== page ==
In this age of a never ending flow of information, social media has become the epitome of a giant and virtual attention grabbing machine whose ultimate purpose is to extend the user’s session as much as possible. Their reasoning is that the longer the user stays on their platform, the likely he or she is to see and click on ads, thus maximizing the platform’s revenue, something that often happens at the expense of the user. The psychology behind the endless scrolling boils down to exploiting the users’ curiosity to see new and random stuff as well as playing on their FOMO, or to put it simply: the algorithm locks you into an addictive and endless loop that tricks your brain into always looking for more content which creates a vicious cycle that can be very hard to get out of.
Now, I am not going to dedicate this whole article to bashing social media. Like any human invention, social media does have some benefits which may or may not be apparent depending on the context. However, I would argue that most peoples’ usage of social media somehow always falls into this destructive and repetitive never ending scrolling pattern. This pattern inevitably locks people into a filter bubble that rarely if ever exposes them to views different than their own. It was this realization that finally convinced me to move away from social media. What is interesting though is that the alternative has always been lurking there waiting for social media refugees to land on its shores. I am of course talking about the good old RSS feeds.
RSS is an acronym that stands for RDF Site Summary or as commonly known Really Simple Syndication. It is a web feed standard that allows websites to provide content updates to their readers in an XML format that can easily be read using a variety of dedicated RSS readers. Before the emergence of social media, RSS was one of the most widely used content delivery formats that was provided by almost every blog or news site. Back then, Internet users used to grab the RSS feed of every interesting blog they came across during their daily browsing spree. Come to think of it, in the golden age of RSS, the average Internet user used to browse or discover several new websites every day. I think this is how the web was intended to be used. After all, the Internet was called the World Wide Web for a reason. The web was like a giant and open jungle waiting to be discovered by adventurous users. Now compare that with the browsing habits of the average Internet user today. For the vast majority of them, the Internet starts and ends with Facebook or any other social media website or app. I think this is sad, because it highlights the negative effects of web platformization that we have been witnessing ever since the appearance of social media.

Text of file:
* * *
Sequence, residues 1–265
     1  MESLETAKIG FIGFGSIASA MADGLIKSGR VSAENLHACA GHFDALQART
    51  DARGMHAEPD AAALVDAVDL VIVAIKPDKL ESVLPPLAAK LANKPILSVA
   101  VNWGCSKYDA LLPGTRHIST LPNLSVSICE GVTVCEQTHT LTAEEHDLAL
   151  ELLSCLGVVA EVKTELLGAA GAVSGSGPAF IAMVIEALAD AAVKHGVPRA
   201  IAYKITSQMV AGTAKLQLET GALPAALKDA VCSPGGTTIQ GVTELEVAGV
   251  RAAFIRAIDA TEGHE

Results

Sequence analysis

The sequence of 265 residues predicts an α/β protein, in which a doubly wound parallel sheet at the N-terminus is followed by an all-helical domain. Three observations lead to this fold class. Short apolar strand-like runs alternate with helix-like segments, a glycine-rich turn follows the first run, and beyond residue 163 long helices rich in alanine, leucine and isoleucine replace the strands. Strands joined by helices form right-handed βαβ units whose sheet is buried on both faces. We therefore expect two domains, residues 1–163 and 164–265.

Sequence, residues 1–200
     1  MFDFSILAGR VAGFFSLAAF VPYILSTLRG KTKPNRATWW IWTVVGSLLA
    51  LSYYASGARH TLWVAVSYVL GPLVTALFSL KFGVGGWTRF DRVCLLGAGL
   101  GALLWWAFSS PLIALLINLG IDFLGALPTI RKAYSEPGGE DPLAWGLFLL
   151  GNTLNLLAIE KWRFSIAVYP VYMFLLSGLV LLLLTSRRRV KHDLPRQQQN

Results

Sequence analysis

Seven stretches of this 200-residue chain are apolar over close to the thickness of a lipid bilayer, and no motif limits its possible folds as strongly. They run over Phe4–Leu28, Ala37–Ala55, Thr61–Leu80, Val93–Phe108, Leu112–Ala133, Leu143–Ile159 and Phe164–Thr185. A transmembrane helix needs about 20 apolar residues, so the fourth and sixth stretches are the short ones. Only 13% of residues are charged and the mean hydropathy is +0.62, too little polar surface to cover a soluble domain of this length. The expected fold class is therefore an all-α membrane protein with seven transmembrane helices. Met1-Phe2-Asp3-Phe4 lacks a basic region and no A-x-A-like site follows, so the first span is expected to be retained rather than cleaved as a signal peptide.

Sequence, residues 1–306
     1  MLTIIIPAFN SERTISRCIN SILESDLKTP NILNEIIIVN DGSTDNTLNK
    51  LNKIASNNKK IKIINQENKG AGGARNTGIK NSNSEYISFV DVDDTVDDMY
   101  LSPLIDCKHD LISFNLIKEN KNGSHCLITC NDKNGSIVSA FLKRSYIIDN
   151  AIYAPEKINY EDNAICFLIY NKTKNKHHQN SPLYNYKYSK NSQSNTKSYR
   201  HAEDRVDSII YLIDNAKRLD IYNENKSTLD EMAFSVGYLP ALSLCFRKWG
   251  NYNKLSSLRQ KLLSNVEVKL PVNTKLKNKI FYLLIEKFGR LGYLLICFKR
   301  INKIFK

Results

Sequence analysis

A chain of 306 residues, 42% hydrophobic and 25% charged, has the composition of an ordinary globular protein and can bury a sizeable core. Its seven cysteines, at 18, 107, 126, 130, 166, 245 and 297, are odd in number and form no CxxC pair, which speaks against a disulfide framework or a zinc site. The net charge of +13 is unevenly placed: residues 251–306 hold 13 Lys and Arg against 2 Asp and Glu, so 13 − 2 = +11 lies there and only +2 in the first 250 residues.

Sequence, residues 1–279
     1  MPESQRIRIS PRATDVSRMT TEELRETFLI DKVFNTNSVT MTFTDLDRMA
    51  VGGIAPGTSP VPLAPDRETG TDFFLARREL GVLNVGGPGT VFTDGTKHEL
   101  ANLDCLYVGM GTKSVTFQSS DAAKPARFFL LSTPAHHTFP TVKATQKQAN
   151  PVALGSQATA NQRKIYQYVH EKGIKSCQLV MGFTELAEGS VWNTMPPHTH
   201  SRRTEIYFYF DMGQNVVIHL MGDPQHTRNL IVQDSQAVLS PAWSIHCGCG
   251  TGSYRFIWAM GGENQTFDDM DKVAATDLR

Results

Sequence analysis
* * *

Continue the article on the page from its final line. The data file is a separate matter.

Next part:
The good thing about reverting back to RSS is that the switch will actually force you to make an effort to curate your beautiful and unique list of RSS feeds. Instead of consuming whatever the algorithm throws at you, you actually control everything that goes in or out of your RSS list. This will in turn give you a sense of satisfaction and fulfillment that rarely happens when you spend most of your online time effortlessly scrolling through your social media feeds. Since the business model of most social media sites mostly favors engagement over substance, switching to the old good RSS way of content consumption will encourage you to actually spend some time reading articles and discovering new content, because the odds of coming across something interesting by going through a list of feeds that you curated yourself are, in fact, very high. I have read more articles in the few days following my switch to RSS feeds than I did in an entire year on social media. This shouldn’t come as a surprise since your hard earned and curated list of feeds obviously provides more intriguing and interesting content than the low-effort and engagement seeking posts that populate social media.
Overall, I feel like my online life has become much calmer and fulfilling than ever before. The excitement and joy I felt from reading articles and discovering new things is worth every bit of time I spent curating my RSS feeds’ list.
As a final gift, I will give you this tip that will help you stay away from Facebook or any other social media site really. To block Facebook on your browser, you simply need to add this line to your
µBlock filter list:
That’s it! Next time you visit Facebook, you will be presented with this beautiful
This simple hack will act as both a psychological barrier as well as a reminder that you should spend your precious time elsewhere!